The 15 Worst States for Property Taxes

A picture of a big house, likely with high taxes

A picture of a big house, likely with high taxes Real estate property taxes can make that dream home unaffordable |

Property taxes are like a hidden fee on homeownership. You don’t always see them, but they’re there, quietly accumulating in the background until your local county sends you a tax bill. Property taxes are typically based on the value of the home as determined by a formula, not necessarily equal to its cost or price. The value assessment of a home is then multiplied by the local tax rate to find the property tax amount owed by the homeowner. Property taxes can vary dramatically by county as well as state.

State and local governments rely heavily on property taxes. In fact, property taxes account for roughly one-third of all state and local tax collections in the United States, according to the Tax Foundation. That makes property taxes the largest source of state and local tax collections. Yet some residents hardly notice their modest property tax bills, while others may consider moving to a more affordable location in lieu of spending thousands of dollars a year on real estate taxes.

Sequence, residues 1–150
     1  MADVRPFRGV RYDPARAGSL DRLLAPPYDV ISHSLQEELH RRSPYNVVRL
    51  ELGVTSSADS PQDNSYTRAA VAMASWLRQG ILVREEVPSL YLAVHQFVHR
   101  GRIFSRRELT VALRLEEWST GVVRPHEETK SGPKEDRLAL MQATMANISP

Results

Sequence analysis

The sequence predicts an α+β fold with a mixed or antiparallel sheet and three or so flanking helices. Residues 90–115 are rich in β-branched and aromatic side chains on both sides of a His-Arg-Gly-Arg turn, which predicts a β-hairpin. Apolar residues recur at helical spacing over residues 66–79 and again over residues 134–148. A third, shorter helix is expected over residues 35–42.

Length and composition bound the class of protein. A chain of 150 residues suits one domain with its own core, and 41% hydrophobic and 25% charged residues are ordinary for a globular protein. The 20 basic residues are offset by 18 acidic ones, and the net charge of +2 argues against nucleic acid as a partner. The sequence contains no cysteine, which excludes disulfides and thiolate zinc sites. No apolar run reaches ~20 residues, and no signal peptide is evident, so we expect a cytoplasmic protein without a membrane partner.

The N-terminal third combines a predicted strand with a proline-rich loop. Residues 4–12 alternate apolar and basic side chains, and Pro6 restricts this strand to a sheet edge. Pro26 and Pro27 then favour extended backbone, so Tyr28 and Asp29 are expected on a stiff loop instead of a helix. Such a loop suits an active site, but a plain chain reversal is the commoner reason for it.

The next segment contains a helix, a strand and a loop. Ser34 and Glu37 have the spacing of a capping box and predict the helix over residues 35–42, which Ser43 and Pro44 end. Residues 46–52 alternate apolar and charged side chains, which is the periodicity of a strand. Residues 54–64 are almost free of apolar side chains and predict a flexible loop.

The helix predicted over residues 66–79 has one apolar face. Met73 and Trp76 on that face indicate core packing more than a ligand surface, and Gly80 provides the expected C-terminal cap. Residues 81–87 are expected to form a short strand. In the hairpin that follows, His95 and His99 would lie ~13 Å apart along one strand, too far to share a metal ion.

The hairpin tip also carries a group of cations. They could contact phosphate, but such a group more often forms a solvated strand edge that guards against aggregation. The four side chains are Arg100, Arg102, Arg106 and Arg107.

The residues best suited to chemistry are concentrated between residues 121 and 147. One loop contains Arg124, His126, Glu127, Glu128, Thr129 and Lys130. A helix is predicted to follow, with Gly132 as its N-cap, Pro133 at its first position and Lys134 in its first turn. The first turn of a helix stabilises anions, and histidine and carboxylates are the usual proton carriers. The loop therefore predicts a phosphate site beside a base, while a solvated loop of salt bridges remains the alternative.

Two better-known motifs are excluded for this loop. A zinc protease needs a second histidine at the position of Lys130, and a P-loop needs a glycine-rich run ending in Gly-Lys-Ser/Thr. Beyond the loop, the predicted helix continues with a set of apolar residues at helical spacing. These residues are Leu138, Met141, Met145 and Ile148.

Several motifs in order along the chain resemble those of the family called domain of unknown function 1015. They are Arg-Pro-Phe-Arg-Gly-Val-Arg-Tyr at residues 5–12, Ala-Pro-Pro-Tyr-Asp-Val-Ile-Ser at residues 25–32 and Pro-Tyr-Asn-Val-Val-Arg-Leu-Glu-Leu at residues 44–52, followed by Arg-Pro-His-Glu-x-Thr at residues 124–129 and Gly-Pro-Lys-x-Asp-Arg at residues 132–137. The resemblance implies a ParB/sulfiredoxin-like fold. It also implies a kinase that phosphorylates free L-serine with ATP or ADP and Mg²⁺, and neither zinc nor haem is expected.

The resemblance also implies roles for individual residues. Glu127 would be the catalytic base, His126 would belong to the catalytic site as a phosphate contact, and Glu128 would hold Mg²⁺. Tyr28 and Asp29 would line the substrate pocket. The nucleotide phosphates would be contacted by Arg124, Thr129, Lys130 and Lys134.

In order to find out who has the biggest property tax liabilities, WalletHub recently analyzed the 50 states and the District of Columbia in terms of real estate property taxes. The site used data from the U.S. Census Bureau to determine real estate tax rates. WalletHub also used the rates to obtain the dollar amount paid in real estate taxes on a median value home in each state. On average, American households spend $2,149 each year on property taxes for their homes.

Let’s take a closer look at the 15 states with the highest property taxes on homes. Remember, be careful what you wish for. Real estate taxes are only one way a state collects revenue from taxpayers.

15. Kansas

Effective real estate tax rate: 1.40%

Kansas ranks as the No. 15 worst state in America for property taxes. Residents can be thankful for a low cost of living that helps ease a high effective real estate tax rate. Kansas has a median home value of only $132,000, resulting in a $1,849 tax bill. In comparison, Colorado only has an effective real estate tax rate of 0.60%, while Missouri has 1%.

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